Everyone talks about creativity today. Businesses want to increase creativity to generate new products and services, to solve problems, and to remain ahead of the competition. Yet, creativity is often elusive.
Why are We Not Creative?
Most adults say they are not all that creative. Why? We were creative and imaginative as children. My friend Karen and I used to read novels and then play-act the stories in our backyards. We didn’t say whether we were creative, but our imaginations took us well beyond the authors’ original content.
Often, we blame the school system for the diminishing creativity people experience as they advance from childhood to adulthood. There are certain materials we all must learn, though, to become successful participants in a society – reading, writing, and arithmetic. These subjects have certain rules that we do need to learn and without testing, a teacher cannot know if a student has mastered the information.
My family encouraged mastery of school, and luckily, learning the topics came easy to me. But just because I was good at school did not mean I could not be creative. I also took music lessons during my school years and learned to appreciate music as a creative expression from dozens of composers. Karen’s mom was constantly helping her with various art projects – building, painting, and gluing.
Yet when we reach the workplace, we often limit our creative expressions. Perhaps because I am not a good performance musician, I have never shred with my work colleagues that I can play an instrument. I am afraid they would find out that even though I excel at management and engineering, I’m not very good at music.
These are reasons we limit our creative thinking in the workplace – fear, ego, and feelings of inadequacy. However, many studies have shown that simply embracing our own vulnerabilities allows us to view situations from a new perspective. And when we see situations from a fresh viewpoint, we can generate novel and unique solutions to problems.
Good Boundaries to Creativity
While fear, ego, and feelings of inadequacy hold us back from generating creative ideas for new products and services, some boundaries are important to framing and constraining a problem space. For example, in PDMA Essentials Volume 3 (Chapter 1) Calic and Ghasemaghaei describe studies in which chefs are more creative when constrained to only a few ingredients. (Perhaps this explains the popularity of a number of television shows in which chefs compete for various prizes?)
Another famous study demonstrated that shoppers were less likely to purchase a jar of jam when presented with many flavor options rather than fewer. When there are too many choices, we fall back on what we already know; thus, limiting creativity.
Constraints to Increase Creativity
Teams are found to improve the novelty of solutions when given a few boundaries or constraints to an innovation problem. Consider the difference between improving plant throughput vs. improving plan throughput by 10% without purchasing new equipment.
Try it yourself. Take out a sheet of paper – right now! – and list five places you’d like to visit. [Imagine the must from Jeopardy playing…] Now, right down five places you’d like to take vacation within the next year and that are within a $5,000 travel budget. [More Jeopardy music…]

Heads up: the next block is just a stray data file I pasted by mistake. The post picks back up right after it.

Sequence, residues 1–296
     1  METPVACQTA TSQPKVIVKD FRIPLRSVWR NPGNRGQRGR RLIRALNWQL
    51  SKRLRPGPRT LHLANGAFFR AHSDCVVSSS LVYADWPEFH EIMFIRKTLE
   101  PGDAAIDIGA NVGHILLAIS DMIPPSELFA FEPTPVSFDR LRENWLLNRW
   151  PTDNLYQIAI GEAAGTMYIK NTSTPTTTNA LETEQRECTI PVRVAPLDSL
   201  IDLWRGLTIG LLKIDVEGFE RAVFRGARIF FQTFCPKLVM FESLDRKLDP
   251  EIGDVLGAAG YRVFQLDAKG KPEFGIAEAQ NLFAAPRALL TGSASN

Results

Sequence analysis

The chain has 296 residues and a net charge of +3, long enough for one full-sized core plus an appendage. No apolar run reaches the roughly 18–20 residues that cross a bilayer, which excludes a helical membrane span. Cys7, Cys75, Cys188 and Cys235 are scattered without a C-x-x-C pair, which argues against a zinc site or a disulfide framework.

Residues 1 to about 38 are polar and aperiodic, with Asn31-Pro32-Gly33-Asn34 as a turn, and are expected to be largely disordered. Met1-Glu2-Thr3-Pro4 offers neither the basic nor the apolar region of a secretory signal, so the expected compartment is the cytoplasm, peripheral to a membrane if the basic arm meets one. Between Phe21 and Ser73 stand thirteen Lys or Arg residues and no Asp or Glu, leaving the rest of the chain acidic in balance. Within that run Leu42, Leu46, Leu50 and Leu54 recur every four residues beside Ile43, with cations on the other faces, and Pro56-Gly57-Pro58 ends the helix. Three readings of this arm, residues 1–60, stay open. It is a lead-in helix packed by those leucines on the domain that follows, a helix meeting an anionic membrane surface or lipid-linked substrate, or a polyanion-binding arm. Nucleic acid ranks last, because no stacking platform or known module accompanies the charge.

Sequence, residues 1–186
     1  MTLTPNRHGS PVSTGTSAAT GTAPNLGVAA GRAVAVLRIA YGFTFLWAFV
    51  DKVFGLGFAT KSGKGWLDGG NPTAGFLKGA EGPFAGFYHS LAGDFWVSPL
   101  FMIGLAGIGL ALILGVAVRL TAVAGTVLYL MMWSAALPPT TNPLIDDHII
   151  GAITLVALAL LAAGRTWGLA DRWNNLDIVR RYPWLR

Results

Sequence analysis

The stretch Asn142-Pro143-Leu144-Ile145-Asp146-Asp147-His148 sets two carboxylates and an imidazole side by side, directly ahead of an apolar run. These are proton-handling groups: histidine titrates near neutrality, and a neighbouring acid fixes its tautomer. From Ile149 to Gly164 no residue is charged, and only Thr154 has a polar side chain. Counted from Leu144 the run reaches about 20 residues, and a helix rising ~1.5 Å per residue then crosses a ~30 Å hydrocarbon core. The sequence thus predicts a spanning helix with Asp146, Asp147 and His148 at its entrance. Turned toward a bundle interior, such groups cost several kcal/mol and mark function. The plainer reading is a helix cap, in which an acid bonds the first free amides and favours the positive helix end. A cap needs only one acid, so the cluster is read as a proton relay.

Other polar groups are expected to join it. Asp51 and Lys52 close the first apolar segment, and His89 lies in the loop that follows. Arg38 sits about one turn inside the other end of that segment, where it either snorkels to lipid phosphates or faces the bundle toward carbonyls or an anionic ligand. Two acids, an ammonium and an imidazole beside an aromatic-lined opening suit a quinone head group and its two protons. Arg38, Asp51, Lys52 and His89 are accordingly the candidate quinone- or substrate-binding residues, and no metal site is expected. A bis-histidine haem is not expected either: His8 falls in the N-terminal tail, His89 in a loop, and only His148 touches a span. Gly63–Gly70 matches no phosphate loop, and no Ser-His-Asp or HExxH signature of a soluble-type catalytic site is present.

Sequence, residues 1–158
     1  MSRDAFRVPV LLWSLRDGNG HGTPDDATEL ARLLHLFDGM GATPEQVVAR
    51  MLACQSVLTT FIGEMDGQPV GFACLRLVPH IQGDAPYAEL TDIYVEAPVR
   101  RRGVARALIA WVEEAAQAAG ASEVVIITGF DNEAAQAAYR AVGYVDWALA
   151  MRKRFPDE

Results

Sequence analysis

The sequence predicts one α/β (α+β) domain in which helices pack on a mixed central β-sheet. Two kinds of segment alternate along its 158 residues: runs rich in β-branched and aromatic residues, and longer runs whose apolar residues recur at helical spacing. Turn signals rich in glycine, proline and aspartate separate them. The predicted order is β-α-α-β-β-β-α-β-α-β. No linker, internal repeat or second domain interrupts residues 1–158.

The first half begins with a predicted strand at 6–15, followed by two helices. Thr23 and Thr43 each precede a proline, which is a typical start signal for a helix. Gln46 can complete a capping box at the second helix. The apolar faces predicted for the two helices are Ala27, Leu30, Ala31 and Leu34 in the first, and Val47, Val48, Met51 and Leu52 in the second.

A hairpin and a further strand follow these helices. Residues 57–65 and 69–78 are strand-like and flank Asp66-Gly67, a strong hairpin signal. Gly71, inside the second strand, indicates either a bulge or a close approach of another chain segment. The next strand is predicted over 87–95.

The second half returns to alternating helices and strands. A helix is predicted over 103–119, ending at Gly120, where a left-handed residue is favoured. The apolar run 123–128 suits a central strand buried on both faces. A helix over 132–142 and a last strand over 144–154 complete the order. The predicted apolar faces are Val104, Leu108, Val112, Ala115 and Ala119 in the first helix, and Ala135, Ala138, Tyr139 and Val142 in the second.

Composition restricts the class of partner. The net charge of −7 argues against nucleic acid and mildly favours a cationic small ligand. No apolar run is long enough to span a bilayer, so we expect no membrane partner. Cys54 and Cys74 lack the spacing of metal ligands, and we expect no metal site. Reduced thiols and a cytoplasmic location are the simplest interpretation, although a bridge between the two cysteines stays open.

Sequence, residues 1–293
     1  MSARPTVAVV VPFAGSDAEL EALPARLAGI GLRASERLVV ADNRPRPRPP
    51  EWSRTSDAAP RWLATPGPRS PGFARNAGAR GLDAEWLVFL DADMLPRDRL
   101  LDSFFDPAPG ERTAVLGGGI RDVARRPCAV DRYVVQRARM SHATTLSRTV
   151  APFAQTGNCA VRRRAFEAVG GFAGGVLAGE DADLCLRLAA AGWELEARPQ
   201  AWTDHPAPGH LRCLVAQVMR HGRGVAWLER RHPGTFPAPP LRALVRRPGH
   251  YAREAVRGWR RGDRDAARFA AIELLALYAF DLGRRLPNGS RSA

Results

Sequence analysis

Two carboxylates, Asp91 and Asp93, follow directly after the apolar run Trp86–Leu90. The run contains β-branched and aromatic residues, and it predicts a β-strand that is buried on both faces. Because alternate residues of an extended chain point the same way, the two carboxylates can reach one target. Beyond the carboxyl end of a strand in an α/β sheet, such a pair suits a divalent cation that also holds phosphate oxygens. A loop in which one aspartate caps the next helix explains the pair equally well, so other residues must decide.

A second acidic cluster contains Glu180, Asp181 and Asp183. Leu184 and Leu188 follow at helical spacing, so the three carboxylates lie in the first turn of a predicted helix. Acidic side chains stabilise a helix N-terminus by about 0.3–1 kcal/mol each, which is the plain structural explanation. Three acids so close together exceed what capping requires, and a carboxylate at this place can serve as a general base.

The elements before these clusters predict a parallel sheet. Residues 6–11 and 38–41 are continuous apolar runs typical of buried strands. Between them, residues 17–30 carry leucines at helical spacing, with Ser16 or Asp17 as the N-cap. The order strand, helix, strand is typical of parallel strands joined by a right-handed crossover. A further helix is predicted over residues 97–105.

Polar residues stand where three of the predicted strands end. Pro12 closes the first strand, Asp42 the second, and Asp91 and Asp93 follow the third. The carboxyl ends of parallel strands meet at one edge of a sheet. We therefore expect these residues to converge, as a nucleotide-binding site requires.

Which list is more creative? Now, try the exercise with your spouse, family, or friends who will join you on the vacation. My bet is your first vacation list has a lot of traditional travel destinations without much detail – maybe Rome, Paris, or New York City. And, I’m guessing that the list of vacation destinations generated with constraints and using the power of your team is more adventurous – whitewater rafting in the Grand Canyon, renting a houseboat in Alaska, or spending a week at a dude ranch. [Please share your ideas in the comments!]
Using Constraints to Generate New Ideas
We’ve all herd of writer’s block from famous novelists like Stephen King. Yet, when they have boundaries of characters’ personalities and story locations, these same authors tell us that the story writes itself. This is the epitome of creativity!
So, the next time you are faced with a new innovation challenge, don’t pull out a clean white sheet of paper. Draw some boundaries that force the team to increase creativity. In new product development (NPD), you may constrain the problem with market demographics, product size and shape, or service category. And, put aside fear, ego, and feelings of inadequacy. We can all be creative in the workplace!
For More Information
I recommend PDMA Essentials Volume 3 as a great resource to learn about innovation constraints in several categories, including managing virtual teams for NPD. You might also like a companion blog post on Innovation, Curiosity, and Questions.
Then, to continue building your creativity and leadership skills to address your toughest innovation challenges, please contact me about membership in the Innovation Master Mind (IMM) group. IMM is a 6-month peer coaching group that allows you to extend your NPD knowledge beyond NPDP certification and to collaborate with other CIOs and innovation managers. I also offer one-on-one coaching and New Product Development Professional (NPDP) training to help you target specific innovation knowledge areas. So, feel free to contact me at firstname.lastname@example.org or 281-280-8717 to learn more. I love helping individuals, teams, and organizations reach higher strategic innovation goals!
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